Now what I become aware of is not seeing any cars traveling in either direction of a deserted looking highway. Eastern Oregon’s vast size can’t be appreciated unless you spend some time touring its sprawling, unpopulated counties.
After traveling all night and encountering some falling snow as the hybrid SUV started ascending the road to the high desert—we finally entered into the realm of the primeval Painted Hills. It’s totally dark now that the moon had set hours earlier, cloaking the desert from our view in all directions. Fatigued from hours of driving, we pull into a remote area to catch a couple of hours of sleep before our video and photography expedition can begin.
The John Day Fossil Bed National Monument is organized into three Units; the Painted Hills is the third Unit, which contains 3,132 acres of wildlife, plants and some unusual geology.
Over millions of years, layers of ash from nearby volcanic eruptions mixed with clay. Through the process of erosion, intense surreal hues and patterns of color explode in every direction.
The following morning was a like waking up in some eye-candy dreamland. The colors just popped out at you like viewing a TV monitor, with the hue saturation cranked up high. Stunned by the startling beauty, I grabbed my video camera on a tripod and began shooting panorama footage. Attempting to capture the details of the environment, an external microphone was used to record the outburst of chattering songbirds, which had woken up to announce the beginning of a new day.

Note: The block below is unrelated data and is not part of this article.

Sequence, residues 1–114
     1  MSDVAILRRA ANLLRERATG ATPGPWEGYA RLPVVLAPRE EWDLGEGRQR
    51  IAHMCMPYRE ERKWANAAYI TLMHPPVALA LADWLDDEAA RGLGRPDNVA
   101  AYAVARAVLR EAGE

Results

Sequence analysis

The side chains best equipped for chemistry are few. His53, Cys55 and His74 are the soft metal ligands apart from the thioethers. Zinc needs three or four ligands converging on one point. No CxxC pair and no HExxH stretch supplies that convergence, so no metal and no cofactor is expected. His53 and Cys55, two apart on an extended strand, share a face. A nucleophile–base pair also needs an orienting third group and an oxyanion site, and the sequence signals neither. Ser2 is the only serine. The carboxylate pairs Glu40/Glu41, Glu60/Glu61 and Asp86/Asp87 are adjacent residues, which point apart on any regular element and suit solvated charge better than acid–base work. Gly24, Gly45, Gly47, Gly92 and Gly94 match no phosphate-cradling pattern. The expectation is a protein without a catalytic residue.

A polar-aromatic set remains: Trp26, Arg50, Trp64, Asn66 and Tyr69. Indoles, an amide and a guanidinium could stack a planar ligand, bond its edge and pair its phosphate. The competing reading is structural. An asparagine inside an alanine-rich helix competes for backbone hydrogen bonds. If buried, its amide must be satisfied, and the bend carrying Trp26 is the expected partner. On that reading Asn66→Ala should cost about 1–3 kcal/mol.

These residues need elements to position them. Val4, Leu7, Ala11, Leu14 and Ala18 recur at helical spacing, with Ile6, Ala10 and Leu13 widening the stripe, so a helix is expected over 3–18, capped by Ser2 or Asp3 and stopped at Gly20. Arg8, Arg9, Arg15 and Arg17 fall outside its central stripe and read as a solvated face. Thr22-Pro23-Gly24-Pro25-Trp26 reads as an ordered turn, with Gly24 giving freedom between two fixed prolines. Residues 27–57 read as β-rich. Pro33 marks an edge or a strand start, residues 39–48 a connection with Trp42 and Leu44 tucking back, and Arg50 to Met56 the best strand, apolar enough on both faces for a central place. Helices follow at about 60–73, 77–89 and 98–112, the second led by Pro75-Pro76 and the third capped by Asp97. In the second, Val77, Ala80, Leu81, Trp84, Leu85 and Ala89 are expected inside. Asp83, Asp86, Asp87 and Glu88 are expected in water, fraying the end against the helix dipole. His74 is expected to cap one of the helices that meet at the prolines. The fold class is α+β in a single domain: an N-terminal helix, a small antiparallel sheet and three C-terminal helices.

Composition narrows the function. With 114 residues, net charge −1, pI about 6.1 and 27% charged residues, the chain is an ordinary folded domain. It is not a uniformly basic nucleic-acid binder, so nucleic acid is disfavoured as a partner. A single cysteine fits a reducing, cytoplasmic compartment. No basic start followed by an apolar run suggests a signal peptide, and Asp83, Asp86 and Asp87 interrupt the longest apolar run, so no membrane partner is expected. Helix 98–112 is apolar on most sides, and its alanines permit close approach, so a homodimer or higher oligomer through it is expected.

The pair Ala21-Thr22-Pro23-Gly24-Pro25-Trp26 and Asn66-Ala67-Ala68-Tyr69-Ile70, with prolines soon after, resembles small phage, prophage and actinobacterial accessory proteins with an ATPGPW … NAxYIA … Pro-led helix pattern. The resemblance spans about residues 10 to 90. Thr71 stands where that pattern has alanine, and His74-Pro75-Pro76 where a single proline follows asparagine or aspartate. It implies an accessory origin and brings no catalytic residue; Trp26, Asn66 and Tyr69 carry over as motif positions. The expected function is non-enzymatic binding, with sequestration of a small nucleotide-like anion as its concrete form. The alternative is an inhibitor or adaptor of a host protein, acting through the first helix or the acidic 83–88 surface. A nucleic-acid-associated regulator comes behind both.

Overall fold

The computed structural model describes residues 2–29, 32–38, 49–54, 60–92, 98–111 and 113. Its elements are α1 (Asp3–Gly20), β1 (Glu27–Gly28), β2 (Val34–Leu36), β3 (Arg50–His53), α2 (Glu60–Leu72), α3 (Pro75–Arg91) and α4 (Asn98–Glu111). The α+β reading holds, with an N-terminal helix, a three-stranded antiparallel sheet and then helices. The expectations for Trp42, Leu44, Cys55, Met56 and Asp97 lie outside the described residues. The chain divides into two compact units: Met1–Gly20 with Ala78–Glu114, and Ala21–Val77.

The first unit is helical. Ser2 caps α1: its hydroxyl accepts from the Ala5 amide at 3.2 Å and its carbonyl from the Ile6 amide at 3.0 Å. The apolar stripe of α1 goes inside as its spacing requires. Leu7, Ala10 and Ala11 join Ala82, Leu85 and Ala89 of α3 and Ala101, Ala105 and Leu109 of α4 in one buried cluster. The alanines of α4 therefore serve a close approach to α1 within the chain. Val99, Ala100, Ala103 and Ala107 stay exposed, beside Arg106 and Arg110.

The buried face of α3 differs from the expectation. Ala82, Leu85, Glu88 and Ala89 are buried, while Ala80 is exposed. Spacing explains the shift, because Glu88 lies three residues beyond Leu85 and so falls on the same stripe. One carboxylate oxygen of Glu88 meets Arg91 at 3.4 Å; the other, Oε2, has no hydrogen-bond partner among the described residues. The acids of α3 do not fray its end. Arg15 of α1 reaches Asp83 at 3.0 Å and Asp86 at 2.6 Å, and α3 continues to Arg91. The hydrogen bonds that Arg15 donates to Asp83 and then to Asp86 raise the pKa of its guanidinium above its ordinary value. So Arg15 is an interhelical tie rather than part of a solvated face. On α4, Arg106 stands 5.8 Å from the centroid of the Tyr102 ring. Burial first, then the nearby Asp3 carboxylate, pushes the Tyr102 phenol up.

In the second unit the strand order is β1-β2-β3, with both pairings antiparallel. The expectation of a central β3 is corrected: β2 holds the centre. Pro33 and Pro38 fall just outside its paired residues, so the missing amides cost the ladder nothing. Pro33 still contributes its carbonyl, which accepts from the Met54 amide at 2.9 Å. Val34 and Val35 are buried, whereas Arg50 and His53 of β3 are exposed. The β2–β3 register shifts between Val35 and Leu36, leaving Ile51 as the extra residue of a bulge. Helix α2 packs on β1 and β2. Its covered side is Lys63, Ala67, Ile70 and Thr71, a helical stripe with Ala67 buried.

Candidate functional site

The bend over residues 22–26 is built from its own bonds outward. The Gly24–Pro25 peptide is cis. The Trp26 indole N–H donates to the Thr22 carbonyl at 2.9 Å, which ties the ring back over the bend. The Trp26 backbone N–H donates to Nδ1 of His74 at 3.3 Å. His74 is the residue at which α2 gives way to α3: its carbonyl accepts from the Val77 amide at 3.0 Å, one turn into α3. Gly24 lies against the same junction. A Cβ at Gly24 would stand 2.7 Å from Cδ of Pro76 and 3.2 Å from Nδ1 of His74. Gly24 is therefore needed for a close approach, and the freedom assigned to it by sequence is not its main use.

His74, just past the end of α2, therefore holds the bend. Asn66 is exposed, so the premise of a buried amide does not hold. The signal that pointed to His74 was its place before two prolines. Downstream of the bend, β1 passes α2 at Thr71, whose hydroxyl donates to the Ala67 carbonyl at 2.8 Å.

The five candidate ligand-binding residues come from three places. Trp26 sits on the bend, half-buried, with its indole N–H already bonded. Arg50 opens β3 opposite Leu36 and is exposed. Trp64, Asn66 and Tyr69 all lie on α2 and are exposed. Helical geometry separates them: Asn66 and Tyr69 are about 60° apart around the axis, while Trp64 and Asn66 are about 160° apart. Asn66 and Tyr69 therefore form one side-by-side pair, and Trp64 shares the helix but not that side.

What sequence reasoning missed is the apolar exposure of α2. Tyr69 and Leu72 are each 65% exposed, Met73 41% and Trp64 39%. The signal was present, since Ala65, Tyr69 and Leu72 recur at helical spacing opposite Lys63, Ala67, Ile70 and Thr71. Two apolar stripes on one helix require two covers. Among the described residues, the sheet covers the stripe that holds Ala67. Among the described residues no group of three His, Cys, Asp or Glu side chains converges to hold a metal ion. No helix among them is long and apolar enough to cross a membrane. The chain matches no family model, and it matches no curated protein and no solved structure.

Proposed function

My first impression was of being overwhelmed by sensory overload — it was challenging to take in all the colors, sounds and surreal shapes of the textured topography. What I was seeing, appeared to be out of this world — like viewing some futuristic post cards of a terraformed Martian landscape.
What I remembered from earlier road trips to the Southwest, was how striking the Painted Desert in Arizona was — that location now seemed pale in comparison to the Painted Hills. What makes the geology of this site so vivid is the saturated colors, caused by a series of volcanic eruptions, taking place over millions of years. The accumulation of layers of ash, dust and clay mixed together from relentless years of erosion to form the hills of strata of colors, like some massive layered cake.